• UPDATE (April 3, 2013): How Will You Measure Your Life? has been given top billing in the latest issue of Forbes Life. Charles Assisi, managing editor of Forbes India, writes in an article titled "Happy Reading" that the first book "I think is mandatory reading is How Will You Measure Your Life? by Clayton Christensen". The other books on Assisi's list are Howard's Gift, by Eric Sinoway; The Happiness Hypothesis, by Jonathan Haidt; The Thinking Life, by P.M. Forni; and Mastery, by Robert Greene.

"This was just the book I needed"

By Commitscion Archita Nadgouda (Class of 2011)

ARCHITA NADGOUDA
I ordered How Will You Measure Your Life? from Indiaplaza as soon as I read your post on Facebook. This was just the book I needed at this point of time when I’m embarking on a new relationship and planning a new career. There is no shortage of people willing to dispense advice but, often, you're not completely convinced with the advice you get from them.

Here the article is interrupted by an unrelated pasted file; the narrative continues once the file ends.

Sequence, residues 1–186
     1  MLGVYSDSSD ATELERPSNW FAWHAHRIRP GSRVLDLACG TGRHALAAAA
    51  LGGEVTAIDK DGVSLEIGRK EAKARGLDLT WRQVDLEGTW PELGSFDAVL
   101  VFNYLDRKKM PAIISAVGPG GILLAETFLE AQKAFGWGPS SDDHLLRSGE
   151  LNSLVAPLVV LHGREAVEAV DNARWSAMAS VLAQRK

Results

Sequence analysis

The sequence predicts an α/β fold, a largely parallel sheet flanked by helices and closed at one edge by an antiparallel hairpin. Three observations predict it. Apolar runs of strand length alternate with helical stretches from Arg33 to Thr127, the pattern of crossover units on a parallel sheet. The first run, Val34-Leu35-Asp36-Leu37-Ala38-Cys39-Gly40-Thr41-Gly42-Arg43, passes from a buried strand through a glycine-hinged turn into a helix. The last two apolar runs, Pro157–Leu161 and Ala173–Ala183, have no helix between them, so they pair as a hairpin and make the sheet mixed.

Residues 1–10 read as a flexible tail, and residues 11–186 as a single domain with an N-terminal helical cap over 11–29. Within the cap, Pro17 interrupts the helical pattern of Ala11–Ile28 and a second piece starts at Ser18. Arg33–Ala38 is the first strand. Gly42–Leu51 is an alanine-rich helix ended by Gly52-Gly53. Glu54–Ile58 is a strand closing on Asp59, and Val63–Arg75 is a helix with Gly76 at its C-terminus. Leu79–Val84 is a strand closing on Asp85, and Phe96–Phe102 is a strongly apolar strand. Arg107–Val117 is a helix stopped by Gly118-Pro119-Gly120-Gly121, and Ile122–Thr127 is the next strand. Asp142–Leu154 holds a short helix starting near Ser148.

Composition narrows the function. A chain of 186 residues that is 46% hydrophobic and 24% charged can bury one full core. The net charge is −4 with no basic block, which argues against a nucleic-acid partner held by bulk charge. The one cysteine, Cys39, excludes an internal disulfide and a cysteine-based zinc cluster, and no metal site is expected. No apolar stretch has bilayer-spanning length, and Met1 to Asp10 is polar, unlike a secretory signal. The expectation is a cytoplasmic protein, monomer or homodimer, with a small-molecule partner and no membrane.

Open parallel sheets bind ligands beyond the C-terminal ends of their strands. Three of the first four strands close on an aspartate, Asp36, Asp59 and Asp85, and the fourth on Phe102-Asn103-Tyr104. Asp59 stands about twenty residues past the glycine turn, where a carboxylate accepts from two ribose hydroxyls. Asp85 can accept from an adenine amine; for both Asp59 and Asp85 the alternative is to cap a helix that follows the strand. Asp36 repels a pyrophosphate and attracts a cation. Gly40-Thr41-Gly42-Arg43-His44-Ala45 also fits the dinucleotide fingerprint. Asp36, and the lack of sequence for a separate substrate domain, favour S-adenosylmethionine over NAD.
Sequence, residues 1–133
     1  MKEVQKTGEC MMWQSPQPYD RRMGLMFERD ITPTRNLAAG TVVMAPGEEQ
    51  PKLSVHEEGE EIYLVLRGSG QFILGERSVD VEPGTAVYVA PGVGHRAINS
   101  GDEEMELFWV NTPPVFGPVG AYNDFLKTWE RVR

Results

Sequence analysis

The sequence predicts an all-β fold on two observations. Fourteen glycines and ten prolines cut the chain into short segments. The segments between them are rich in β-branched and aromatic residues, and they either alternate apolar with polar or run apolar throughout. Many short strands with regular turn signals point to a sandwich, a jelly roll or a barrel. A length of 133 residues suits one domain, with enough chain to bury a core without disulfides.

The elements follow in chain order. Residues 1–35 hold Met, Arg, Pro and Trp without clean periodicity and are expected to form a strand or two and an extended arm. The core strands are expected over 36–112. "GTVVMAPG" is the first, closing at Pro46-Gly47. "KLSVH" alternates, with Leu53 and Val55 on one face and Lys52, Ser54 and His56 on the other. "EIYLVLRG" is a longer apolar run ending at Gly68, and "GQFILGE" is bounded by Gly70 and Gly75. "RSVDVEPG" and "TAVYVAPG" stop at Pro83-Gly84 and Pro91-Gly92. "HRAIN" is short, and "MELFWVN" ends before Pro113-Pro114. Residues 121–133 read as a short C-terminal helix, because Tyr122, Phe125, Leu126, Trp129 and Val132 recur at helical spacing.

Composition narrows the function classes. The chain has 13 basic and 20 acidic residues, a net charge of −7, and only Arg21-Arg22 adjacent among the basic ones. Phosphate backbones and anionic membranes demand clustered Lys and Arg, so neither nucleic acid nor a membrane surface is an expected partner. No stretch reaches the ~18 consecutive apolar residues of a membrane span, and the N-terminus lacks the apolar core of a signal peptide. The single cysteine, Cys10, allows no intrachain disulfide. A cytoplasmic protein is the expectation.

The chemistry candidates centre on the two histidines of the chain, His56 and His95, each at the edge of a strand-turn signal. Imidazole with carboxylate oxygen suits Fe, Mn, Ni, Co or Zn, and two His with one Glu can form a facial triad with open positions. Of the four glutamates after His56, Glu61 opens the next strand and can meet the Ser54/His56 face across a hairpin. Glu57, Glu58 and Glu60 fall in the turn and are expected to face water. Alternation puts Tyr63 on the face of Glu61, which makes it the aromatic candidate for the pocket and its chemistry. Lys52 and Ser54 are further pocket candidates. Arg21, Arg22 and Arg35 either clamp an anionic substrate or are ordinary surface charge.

This book teaches you "how to think" and apply your own mind, based on the situation you are in, to find solutions because "one size fits all" doesn't work when it comes to advice.

I cannot thank you enough for recommending this book to us!

1 comment:

  1. This is a must read book for all, especially those starting out in life.
    When I started out on life's journey, it's always been family first (parents and siblings and later my own) and believed that with hard work, everything else will fall into place. It did. Your best CV is your work. Not reference letters. When you love what you do, it will show and it WILL be noticed. There will ups and downs, slaps and praises, betrayals and admonishments, promotions and demotions, but remember what they can't take away from you is your skills. Learn it, hone it and, above all, share it. With a smile. And expect nothing in return. Which is why the last quote holds true: "It is frightfully easy for us to lose our sense of the difference between what brings money and what causes happiness."
    Remember, the only legacy you leave behind is the love and respect you gave others and that's what you need to pass on. Patrick